Beste verzorging en voeding: mijn dochter van type A heeft het moeilijk met quarantain

Beste verzorging en voeding: mijn dochter van type A heeft het moeilijk met quarantain

april 28, 2020 0 Door admin


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In normal times, she’s a successful, if control-obsessed, teenager. But now she’s a pouty pain in the neck. Is there anything I can do to help?

Teen girl looking sad with her hands on either side of her face.

Photo illustration by Slate. Photo by Sam Thomas/iStock/Getty Images Plus.

Care and Feeding is Slate’s parenting advice column. Have a question for Care and Feeding? Submit it here or post it in the Slate Parenting Facebook group.

Dear Care and Feeding,

I’m sure this is a question for a lot of people right now. I have two teenagers, a 14-year-old boy and a 16-year-old girl. In normal life, my daughter is kind of a rock star: a straight-A student who babysits and has a part-time job at her school, always does her chores, has nice friends, everything you could want. She also has control issues: She loves being very in control and experiences stress about anything outside of her control.

My son is funny, loving, and smart, but a bit of a hot mess. He has ADHD, hates school, has to be pushed/prodded/pulled to do chores or much of anything else, he’s a lot of work, and he’s also a bit of a complainer. Now, in the time of COVID-19, they have kind of switched places. My son still isn’t doing his schoolwork, but he’s talking to his friends online, having fun, and is generally being easy-going. He is not usually a very resilient person (he’ll spend an hour crying over a favorite team losing), but has suddenly become Mr. Let It Go.

My daughter has turned into a pain in the neck. All she does is complain about not being able to see her friends, how much she wishes she could go live with someone else, how much she wants a cat (her father and brother are allergic). On and on and on. She won’t play family games, won’t watch family movies, and tries to avoid eating dinner with us. She’s lost weight since the lockdown. She won’t let anyone in the family hug her or hold her hand, but complains about not being able to touch her friends. When not complaining, she goes on long walks and meets up with friends. She says they stay 6 feet apart, and I’ve allowed it because of that, but walking and seeing her friends isn’t helping her mood at all.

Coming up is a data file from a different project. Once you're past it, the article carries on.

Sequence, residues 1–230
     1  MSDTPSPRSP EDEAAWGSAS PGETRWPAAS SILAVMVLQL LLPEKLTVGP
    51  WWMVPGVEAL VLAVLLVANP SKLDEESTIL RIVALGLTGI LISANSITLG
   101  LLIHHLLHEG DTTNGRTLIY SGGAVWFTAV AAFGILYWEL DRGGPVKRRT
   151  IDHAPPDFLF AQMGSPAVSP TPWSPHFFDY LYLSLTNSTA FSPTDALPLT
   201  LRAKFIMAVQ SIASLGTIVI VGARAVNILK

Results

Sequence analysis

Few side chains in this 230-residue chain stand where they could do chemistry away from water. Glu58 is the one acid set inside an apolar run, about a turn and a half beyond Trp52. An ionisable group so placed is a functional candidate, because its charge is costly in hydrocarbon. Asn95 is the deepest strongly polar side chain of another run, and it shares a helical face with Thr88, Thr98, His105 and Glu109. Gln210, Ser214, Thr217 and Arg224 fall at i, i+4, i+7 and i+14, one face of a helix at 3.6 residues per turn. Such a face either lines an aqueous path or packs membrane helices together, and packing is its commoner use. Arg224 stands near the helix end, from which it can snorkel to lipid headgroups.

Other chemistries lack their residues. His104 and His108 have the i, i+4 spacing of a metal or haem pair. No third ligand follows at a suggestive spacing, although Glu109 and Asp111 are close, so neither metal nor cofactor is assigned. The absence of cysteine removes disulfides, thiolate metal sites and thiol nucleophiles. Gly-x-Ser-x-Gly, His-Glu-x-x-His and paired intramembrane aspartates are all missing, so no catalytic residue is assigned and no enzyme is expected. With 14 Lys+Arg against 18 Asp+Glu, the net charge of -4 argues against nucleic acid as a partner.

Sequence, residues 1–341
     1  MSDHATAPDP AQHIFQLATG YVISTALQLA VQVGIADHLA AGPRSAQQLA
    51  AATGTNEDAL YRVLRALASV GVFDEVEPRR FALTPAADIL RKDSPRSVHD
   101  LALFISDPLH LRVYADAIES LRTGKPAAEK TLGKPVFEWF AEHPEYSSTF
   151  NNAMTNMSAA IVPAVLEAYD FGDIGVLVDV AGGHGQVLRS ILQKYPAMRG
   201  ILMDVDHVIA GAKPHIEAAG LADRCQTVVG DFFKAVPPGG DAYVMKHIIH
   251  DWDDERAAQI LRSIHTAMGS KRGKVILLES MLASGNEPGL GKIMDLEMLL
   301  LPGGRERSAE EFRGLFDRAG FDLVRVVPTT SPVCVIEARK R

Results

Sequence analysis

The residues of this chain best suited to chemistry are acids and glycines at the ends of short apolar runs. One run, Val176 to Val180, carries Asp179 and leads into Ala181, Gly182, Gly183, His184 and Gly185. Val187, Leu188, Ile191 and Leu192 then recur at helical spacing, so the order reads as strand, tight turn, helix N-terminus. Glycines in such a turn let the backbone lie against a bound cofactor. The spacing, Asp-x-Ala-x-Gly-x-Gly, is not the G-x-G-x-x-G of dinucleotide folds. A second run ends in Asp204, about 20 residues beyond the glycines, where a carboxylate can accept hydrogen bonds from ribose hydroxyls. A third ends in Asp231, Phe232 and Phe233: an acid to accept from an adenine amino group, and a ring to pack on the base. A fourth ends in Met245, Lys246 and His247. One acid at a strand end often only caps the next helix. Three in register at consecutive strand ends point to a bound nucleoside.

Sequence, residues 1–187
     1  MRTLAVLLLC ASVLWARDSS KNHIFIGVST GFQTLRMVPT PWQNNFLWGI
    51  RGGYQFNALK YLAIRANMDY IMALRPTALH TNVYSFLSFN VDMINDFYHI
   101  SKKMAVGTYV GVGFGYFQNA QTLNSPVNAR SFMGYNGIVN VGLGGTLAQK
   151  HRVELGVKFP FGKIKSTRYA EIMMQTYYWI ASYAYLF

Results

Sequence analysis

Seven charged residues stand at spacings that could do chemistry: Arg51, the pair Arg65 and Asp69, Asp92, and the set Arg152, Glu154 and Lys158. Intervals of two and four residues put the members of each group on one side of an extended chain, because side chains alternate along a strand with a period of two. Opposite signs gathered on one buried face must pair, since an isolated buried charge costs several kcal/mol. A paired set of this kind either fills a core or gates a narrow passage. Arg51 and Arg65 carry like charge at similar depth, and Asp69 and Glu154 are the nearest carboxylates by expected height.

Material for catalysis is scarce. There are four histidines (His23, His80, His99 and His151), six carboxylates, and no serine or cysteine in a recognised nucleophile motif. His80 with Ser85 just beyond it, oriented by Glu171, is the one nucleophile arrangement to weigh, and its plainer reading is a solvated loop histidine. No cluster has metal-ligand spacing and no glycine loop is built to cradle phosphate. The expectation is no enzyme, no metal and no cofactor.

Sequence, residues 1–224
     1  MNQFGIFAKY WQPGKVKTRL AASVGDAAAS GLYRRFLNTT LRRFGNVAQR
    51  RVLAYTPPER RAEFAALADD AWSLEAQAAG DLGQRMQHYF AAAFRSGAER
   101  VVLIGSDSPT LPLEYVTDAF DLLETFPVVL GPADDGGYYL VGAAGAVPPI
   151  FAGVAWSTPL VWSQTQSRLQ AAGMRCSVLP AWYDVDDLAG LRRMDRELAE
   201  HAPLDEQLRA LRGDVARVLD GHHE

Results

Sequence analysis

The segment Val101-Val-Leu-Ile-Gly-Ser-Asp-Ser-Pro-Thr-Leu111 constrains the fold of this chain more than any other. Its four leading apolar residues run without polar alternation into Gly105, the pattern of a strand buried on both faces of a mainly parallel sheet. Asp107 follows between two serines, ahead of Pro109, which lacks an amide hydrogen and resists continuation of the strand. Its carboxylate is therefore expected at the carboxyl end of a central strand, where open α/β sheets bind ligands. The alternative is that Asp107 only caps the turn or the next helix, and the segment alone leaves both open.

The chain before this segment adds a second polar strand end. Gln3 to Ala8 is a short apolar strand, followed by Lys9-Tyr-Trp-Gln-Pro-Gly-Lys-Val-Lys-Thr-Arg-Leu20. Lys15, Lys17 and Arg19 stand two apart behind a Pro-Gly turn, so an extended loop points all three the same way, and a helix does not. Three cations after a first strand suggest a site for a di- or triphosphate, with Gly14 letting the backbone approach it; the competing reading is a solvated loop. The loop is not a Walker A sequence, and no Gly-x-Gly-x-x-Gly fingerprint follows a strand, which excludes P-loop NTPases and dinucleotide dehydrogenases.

A close relative died of the virus, and her focus is still exclusively on her needs/wishes/wants. I know she is suffering. I know this is hard. I think it may be harder on teens than most other groups, as their lives are so externally focused. I guess my question is this: Is there anything I can do to try and help her build some resilience? I always thought she was resilient, and it’s a bit of a shock to see how unresilient she is. Is there anything I can do to help her relax her need to control an uncontrollable situation? Is there something I may be doing that is making this worse? I’m trying to be patient and calm, but it’s wearing thin. She is doing her schoolwork and is in online therapy, but she says it doesn’t help (but she keeps making new appointments).

—Running out of Patience

Dear RooP,

I think it’s a great sign she’s continuing to make new therapy appointments. People with control issues are melting down around us, and teenagers are full of hormonal soup that makes things very difficult to handle even in the best of circumstances (these are terrible circumstances).